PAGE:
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Hi I'm Rob

I ride bicycles and motorcycles. I'm a woodworker and enjoy camping with my wife. I'm a dad, a grandpa, and I'm a Mormon.

About Me

When I talk about me, I can't help but talk about my family. I am what I am because of them. I am the oldest of four kids born to wonderful parents who were converted and baptized into the church when I was 7 years old. My parents are awesome. Besides their great example, they got me started on my love of motorcycles, which continues to this day. My wife and I married while we were both in college and were the parents of a son and daughter while I was still working on my undergraduate degree. At one point, my wife and I and both kids were in college simultaneously. One or more of us is always working on an advanced degree. I've spent my entire working career with The Boeing Company working in Washington and Maryland. My wife is a school principal, my daughter is an entrepreneur and teaches a college course, and my son is a humanitarian working for the Red Cross. Last year I found out that I have Parkinson's Disease which rocked my world and I think I'm finally dealing with it. Life now means more and I have a new appreciation for so much of what I took advantage of before.

Why I am a Mormon

Even though I chose to be baptized when I was eight and I grew up a Mormon, when I was called to serve as a missionary for the church at age 19, I realized that my faith was pretty weak. I didn't know for myself that what I was preaching was really true, so I began earnestly reading the Book of Mormon and praying sincerely for a witness of it's truthfulness. I remember kneeling beside my bed on a cold December night in Missoula, Montana in the 1970's asking Heavenly Father once again if the Book of Mormon was really true. My witness came that night and it changed my life. Since that time, I've had many similar experiences where my faith has been strengthened. Despite my many weaknesses, I am committed to working harder because it brings so much happiness. It answers life's questions and offers encouragement. I feel that the members of the church in my community are like family members and we rely on each other for strength and support. I can't imagine living in this world today without the church in my life.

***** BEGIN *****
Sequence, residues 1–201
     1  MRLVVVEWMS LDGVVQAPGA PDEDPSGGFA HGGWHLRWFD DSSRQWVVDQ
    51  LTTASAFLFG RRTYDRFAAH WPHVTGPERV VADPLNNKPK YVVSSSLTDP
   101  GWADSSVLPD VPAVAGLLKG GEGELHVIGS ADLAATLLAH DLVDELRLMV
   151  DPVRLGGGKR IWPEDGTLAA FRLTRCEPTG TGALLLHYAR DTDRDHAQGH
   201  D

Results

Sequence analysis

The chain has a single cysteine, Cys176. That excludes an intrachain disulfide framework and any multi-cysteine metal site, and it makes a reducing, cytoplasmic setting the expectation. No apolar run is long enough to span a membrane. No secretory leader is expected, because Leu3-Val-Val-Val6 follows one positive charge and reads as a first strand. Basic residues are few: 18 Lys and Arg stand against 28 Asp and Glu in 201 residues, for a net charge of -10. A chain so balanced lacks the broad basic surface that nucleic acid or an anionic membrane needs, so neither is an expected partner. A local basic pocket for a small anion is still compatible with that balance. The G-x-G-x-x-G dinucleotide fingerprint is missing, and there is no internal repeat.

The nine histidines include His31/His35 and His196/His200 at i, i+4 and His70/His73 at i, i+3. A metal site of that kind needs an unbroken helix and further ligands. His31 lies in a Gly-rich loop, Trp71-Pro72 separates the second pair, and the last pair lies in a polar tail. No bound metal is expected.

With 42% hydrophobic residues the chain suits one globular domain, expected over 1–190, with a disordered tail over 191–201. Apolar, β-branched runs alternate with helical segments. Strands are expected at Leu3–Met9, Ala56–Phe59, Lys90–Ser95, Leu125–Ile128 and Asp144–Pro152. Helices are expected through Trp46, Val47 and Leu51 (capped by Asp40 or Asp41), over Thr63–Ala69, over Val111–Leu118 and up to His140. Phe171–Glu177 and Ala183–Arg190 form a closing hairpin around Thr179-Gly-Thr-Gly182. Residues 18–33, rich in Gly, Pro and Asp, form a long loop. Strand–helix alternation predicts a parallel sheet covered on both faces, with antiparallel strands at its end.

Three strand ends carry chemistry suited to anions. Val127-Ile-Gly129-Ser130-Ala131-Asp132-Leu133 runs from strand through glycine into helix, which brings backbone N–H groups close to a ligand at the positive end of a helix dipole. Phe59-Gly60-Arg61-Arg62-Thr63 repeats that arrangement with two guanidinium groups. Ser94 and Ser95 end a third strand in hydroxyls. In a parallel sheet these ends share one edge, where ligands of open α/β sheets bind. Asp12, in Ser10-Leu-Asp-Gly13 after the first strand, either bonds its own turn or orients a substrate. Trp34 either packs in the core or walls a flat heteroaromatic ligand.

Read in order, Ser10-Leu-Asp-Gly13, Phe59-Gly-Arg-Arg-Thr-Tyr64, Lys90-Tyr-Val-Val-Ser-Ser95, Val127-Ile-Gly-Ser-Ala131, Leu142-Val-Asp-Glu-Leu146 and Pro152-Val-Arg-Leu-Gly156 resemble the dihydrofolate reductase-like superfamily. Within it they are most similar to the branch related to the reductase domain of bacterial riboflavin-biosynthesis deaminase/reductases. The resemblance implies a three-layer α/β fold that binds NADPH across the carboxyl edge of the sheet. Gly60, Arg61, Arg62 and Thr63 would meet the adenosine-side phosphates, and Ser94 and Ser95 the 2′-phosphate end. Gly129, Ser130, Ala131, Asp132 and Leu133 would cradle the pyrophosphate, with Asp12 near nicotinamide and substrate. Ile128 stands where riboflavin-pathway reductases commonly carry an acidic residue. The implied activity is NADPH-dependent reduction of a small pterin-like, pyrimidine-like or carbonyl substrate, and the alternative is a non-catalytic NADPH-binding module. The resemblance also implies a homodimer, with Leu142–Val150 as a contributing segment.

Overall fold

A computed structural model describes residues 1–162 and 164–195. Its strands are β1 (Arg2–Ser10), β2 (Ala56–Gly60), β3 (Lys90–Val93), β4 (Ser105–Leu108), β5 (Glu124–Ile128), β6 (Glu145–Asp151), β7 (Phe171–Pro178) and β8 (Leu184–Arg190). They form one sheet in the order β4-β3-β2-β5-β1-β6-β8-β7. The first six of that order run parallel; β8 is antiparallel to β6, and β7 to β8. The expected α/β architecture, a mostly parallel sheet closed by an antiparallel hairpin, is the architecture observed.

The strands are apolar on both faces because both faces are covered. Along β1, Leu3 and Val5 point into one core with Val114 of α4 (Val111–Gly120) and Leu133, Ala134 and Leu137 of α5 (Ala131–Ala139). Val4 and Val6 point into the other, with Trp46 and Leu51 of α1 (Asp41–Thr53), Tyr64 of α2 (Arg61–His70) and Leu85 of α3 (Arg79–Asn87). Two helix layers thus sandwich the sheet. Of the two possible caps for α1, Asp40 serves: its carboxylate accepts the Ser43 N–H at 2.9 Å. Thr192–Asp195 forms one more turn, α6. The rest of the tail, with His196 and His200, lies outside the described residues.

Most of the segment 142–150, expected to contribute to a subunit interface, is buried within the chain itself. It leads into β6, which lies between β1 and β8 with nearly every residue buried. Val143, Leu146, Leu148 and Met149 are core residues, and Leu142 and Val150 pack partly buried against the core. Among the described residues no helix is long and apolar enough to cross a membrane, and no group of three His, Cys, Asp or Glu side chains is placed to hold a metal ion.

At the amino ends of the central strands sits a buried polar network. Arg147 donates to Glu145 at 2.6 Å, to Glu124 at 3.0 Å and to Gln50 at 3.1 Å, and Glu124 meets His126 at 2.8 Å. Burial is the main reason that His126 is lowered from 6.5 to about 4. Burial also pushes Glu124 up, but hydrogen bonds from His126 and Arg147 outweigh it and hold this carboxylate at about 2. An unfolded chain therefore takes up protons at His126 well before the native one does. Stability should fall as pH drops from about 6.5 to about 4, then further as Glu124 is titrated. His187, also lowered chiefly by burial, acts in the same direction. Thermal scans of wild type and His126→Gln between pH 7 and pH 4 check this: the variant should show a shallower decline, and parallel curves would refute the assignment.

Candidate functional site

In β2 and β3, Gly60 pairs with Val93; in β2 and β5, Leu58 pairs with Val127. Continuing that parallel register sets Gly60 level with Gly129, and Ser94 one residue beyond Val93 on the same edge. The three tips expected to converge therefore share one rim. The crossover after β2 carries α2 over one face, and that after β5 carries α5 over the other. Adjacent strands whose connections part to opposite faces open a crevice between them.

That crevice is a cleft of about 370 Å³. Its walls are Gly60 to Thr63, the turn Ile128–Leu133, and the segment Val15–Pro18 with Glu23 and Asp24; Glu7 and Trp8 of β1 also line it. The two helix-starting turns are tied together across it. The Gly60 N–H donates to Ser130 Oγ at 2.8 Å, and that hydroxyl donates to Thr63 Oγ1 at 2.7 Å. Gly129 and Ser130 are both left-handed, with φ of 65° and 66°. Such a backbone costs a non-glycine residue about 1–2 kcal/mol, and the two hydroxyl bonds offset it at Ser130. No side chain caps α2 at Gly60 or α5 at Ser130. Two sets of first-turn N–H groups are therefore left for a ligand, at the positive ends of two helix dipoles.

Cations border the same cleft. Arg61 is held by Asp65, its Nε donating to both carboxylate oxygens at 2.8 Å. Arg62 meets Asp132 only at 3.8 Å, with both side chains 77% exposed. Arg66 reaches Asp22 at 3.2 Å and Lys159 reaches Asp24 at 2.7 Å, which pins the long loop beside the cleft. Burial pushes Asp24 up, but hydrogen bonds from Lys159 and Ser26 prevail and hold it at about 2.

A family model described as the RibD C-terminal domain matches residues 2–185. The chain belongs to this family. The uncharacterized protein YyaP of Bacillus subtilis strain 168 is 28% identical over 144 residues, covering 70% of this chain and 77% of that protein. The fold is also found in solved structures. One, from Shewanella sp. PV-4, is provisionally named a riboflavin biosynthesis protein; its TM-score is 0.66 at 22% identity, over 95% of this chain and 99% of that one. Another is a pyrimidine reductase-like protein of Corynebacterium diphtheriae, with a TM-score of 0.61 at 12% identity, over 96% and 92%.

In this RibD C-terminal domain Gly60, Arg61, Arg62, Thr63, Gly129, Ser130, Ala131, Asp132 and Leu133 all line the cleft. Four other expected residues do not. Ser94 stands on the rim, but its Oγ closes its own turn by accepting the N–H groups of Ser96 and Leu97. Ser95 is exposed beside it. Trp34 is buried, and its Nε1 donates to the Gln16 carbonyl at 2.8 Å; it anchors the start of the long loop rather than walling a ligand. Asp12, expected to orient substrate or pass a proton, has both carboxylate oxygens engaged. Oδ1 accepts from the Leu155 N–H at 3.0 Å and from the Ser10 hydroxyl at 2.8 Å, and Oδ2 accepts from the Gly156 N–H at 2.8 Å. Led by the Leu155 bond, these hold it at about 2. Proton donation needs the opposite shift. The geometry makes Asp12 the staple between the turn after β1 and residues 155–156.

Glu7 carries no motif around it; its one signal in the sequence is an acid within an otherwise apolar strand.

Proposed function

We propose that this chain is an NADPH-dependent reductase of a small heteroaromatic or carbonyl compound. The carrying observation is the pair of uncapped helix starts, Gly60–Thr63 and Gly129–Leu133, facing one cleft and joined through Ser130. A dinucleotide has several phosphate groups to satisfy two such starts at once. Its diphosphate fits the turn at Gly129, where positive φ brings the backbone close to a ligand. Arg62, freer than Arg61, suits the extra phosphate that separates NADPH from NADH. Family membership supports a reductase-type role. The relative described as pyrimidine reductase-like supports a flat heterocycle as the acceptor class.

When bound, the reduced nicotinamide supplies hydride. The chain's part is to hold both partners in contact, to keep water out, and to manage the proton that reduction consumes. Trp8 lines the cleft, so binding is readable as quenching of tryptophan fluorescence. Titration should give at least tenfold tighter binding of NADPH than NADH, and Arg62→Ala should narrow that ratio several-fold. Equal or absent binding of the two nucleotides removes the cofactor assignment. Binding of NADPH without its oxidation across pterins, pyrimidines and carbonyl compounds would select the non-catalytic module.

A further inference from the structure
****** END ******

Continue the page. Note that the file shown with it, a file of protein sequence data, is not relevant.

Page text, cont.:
How I live my faith

One of the teachings of the church that has helped me the most is the principle of serving others. I spent about 15 years as an adult leader in the Cub Scouts and Boy Scouts of America. The added benefit for me was being able to spend more time with my son. I taught early-morning Seminary to high school students for a couple years where they spend an hour before school studying the scriptures, including The Bible and the Book of Mormon. My daughter was in my class, which made it even better. I was called in 2010 to serve as the bishop of our congregation and have a new appreciation for all the previous bishops I have had throughout my life. As the bishop, my responsibilities include, among other things, caring for the temporal and spiritual needs of members of our congregation. Of all service I have given over the years, this has been the most rewarding. I get to spend time with the kids, youth, and adults and be of service to them. That's what it's all about. It brings me so much joy and happiness.

How can I know Mormonism is true?

Rob
This was the question I asked myself as a 19 year-old young man. All truth comes from God, our Heavenly Father. The Bible teaches us to ask and we shall receive. But we have to REALLY want to know, and we have to REALLY be willing to act upon the answer(s) we receive. God knows the thoughts and intents of our heart, so there's no fooling Him. We then have to listen for an answer. This is the tough part because listening for an answer from God is not normal listening. We need to learn how to listen with our soul. It's more of a feeling that is individual to each person. We will "feel that it is right". It takes practice. But it's worth learning how God speaks to us because once we know how to listen, we can be taught truth, the truth of ALL things. Easy, well sort of easy - but only if you work at it. When you are ready, you can ask God if Mormonism is true. He will answer you. Show more Show less